Symmetry Redux: Conservation Laws


One of the first topics I ever posted about here on Silhouette of Science is Symmetry. I was fascinated by the manifold ways, both obvious and subtle, that Symmetry pervades our world. In that post I touched upon the presence of Symmetry in processes biological, chemical and physical, and the striking absence of Symmetry in a select few instances. I appealed to cellular automata as an example of simplicity spawning complexity. And lastly I yearned for some deeper symmetry, or a more fundamental rule from which the apparent breaking of symmetries could be explained.

In the intervening years that fascination has only grown, at times blossoming into a full-fledged obsession. I come back time and again to the same concepts, wrestling with the same questions. Now, at least, I have the language to better voice them:

Why does our Universe break symmetries?

What would a ‘deeper’ symmetry look like?

Why do we yearn for Symmetry if the Universe is not Symmetric?

The last question has been the most troubling. It hints at an unenviable paradox that seems to plague our pursuit of science.

In this blog post, I want to offer the seedlings of a potential resolution. I believe that Symmetry is an ideal worth yearning (and fighting) for, and that the Universe is indeed Symmetric. The problem lies in our assumptions about what Symmetry means in physics. As I argue below, the so-called “symmetries” of physics are mathematical constructs, and not physical symmetries. When viewed as physical symmetries, these mathematical constructs run counter to the essence of Symmetry. The related notion of “conservation laws” more closely captures the sentiment of Symmetry, enabling us to take a more optimistic stance on both scientific progress and the nature of our Universe.

Impressions of Symmetry

Symmetry is (almost) everywhere. In some form or another, it is central to countless disciplines, from art, music, architecture and aesthetics, to physics, mathematics and philosophy. Its ubiquity is part of its allure, and points to its fundamentality as an ideal. At the same time, these many guises make near impossible the task of finding one all-encompassing definition. Symmetry manifests in so many ways that it means something different to the physicist than it does to the artist.

We all bring biases to the table when discussing such abstract concepts. As a physicist by training, I’ve struggled to disentangle the mathematical ‘symmetry’ in physics from the concept of Symmetry, which exists outside of physics, philosophy, or any discipline for that matter. Nevertheless, it is important to recognize the ways in which particular disciplines engage with the concept. In other words, how closely do these various impressions of Symmetry capture the essence of the concept? In what ways do these impressions allow us to probe aspects of Symmetry, and in what ways are they merely distortions?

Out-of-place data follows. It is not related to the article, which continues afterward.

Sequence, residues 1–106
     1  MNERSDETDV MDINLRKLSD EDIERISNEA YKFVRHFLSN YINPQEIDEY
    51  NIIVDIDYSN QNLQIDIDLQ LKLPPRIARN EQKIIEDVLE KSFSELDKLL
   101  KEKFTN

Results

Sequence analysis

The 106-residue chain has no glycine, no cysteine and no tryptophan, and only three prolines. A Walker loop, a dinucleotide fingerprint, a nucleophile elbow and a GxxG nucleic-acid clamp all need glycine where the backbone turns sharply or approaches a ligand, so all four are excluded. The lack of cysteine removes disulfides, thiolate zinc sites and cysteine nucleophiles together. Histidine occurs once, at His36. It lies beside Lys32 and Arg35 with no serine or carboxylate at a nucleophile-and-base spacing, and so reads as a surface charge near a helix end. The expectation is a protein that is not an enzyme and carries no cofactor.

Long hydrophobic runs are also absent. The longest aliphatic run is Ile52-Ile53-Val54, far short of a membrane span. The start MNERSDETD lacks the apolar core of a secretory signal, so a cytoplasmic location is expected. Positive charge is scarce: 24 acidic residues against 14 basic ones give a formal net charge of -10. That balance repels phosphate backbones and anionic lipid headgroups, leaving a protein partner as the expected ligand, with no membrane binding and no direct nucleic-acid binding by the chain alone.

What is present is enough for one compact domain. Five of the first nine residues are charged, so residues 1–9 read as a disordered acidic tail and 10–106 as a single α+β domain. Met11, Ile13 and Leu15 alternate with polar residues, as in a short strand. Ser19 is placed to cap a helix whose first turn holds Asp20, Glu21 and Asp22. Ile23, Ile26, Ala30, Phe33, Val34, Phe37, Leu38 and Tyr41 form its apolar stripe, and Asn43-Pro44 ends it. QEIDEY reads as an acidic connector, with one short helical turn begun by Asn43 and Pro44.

In this post, I intend to ask these questions about the impression of Symmetry in physics. But how can we evaluate the fidelity of projections when we can’t agree on the edifice itself? While Symmetry may elude definition, productive discourse requires that we start somewhere. To this end, we will ground ourselves in philosophy – not because philosophical perspectives ring any more true than others, but rather because we can trace our modern conceptions of symmetry back to the ancient Greek philosophers.

The word “symmetry” derives from the Greek sun, meaning “with” or “together”, and metron for “measure”. When combined into sunmetria, they jointly signify commensurability; a harmonious relation of parts to whole; unity. These relations – in arrangement, composition and proportionality – implied notions of patternand regularity, notions which became integral to the idea of symmetry itself. Moreover, from the onset Symmetry was intimately connected to ideals of beauty.

Beauty, commensurability, harmony and regularity are all complex concepts in their own right, about which seas of ink can be and have been spilt. Furthermore, Symmetry is not simply their sum or union. For instance, whatever Symmetry is, we can agree that a circle exhibits the property in some way. But it isn’t necessarily true that a circle is beautiful. Some people may find it aesthetically pleasing; others may not. It’s easy to come up with examples which push on our understanding of Symmetry and force us to interrogate our beliefs. A suit jacket with a pocket square clearly breaks bilateral symmetry, yet one could easily argue that the parts still remain in relation to the whole, that proportionality and unity are preserved, and that composition and aesthetic quality are enhanced. A rich ecosystem full of flora and fauna obeys no obvious pattern, but can one really say that the parts are not in harmony? That the trees and the tree-dwellers, the insects and the animals cannot be taken as one cohesive whole, which displays some form of unity?

Some of this difficulty in developing an objective and foolproof definition of Symmetry derives from the ambiguity (and often inherent subjectivity) of concepts like beautyandcommensurability. If Symmetry exists as a concept independent of human beings, then it should not be influenced by evolutionary or cultural prejudices.